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The Royal Canadian Mint (RCM) is one of the world’s most respected mints, renowned for its record-breaking gold quality and sophisticated anti-counterfeiting technology that often sets trends worldwide. Plus, they’ve completed many outstanding feats, like the groundbreaking Million Dollar Coin, a 100 kg, 0.99999 pure gold bullion coin with a gigantic $1 million face value.
But how did the mint reach such heights?
The Royal Mint of London produced Canada’s coins starting in the 1850s (remember, Canada was a colony of the UK until 1867). However, in 1908, the first coins were struck on Canadian soil in Ottawa under the supervision of Governor Earl Grey and Countess Alice Grey.
While the bronze cent minted in Ottawa was still produced by a branch of the Royal Mint of London, the 1908 domestic coin production marked the beginning of Canada’s own minting operations. The Royal Canadian Mint was officially founded in 1931 and began producing circulation coins and bullion bars en masse.
In 1969, the mint became a Crown Corporation, a government body that reports directly to the Canadian Parliament. This unusual public/private hybrid functions both as a business, able to operate somewhat independently, under governmental oversight. The Royal Canadian Mint has gone on to produce coinage for circulation in 89 countries as well as Canada itself.
The RCM mints all the coins used in Canada, including bullion coins in gold, silver, platinum, and palladium. It also produces bullion bars in gold.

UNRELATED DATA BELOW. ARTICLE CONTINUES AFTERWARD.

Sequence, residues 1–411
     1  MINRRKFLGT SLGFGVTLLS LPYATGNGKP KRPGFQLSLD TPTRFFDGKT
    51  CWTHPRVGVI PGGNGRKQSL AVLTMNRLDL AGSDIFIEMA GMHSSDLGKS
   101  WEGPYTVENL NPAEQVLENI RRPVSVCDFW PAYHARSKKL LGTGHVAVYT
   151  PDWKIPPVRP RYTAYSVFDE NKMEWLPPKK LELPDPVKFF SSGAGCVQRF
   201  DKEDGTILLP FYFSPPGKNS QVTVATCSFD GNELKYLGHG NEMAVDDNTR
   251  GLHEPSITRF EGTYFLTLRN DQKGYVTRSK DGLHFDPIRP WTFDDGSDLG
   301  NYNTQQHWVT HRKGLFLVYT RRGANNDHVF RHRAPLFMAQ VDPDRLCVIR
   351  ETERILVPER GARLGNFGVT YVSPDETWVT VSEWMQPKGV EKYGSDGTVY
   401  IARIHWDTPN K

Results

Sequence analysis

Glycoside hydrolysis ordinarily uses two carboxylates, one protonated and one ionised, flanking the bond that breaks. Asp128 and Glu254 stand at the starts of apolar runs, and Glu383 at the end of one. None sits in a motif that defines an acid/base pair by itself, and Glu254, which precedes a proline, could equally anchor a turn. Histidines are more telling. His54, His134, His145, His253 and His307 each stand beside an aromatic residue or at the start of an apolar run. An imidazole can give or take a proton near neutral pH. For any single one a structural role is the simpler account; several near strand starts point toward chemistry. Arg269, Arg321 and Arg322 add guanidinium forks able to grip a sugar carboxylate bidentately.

Famous products include the 1 oz gold maple leaf coin, the oldest modern 24-karat gold coin in the world. (While the Krugerrand was the first modern bullion coin, recall that it’s minted in 22kt crown gold – that’s what sets the maple leaf apart.) Queen Elizabeth II is featured on the obverse side, updated in 1990 by Susana Blunt to portray the Queen in her later years.
The reverse side shows a Canadian maple leaf in plain view, with an anti-counterfeiting measure, a micro-engraved maple leaf added in 2013, that is completely invisible to the naked eye. Radial lines were added two years later to further deter counterfeiters.
The 1 oz silver maple leaf is perhaps equally popular and in high demand throughout the world’s bullion market, while the 2 oz silver twin maple is double the fun.
The mint produces gold bullion bars as large as 1 kg, all of which adhere to the standards of the London Bullion Market Association (LBMA)’s Good Delivery requirements, with a purity of 0.9999 fine gold. Silver bars are available in 0.999 fine silver, offering a cost-effective way to invest in silver at low premiums.
The mint is also known for its special series of coins, many of which depict beautiful scenes of nature from Canada’s wilderness.
For example, the 1/4-oz gold Canadian Wolverine reverse proof coin from the mint’s Animal Portrait Series proved particularly popular, captivating investors with its fearsome design of Canada’s wolverine.
The mint also produces:
The mint was the first ever to produce a bullion coin in 0.9999 fine gold, a groundbreaking achievement in gold refining practices. The mint went on to demonstrate its prowess and innovation in 1999 by minting the first-ever 0.99999 (“five nines”) fine bullion coin, and it remains the only mint ever to have done so.
The first-ever “$1 million coin” was produced by the RCM, a 100kg version of its famous gold maple leaf bullion coin.
The RCM developed MINT SHIELD Technology, a new method of preventing and reducing the occurrence of white spots on silver bullion coins which often detract from the appearance of the affected coins.
Micro-engraved security marks, such as the micro-maple leaf on the gold and silver 1 oz maple leaf coins, protect against counterfeiting. Additionally, “Bullion DNA,” essentially the coin’s unique digital fingerprint, is used to verify the authenticity of RCM products. Customers can purchase bullion from a registered Bullion DNA dealer to ensure authenticity.
Own your own piece of Canadian history and cutting-edge bullion technology today!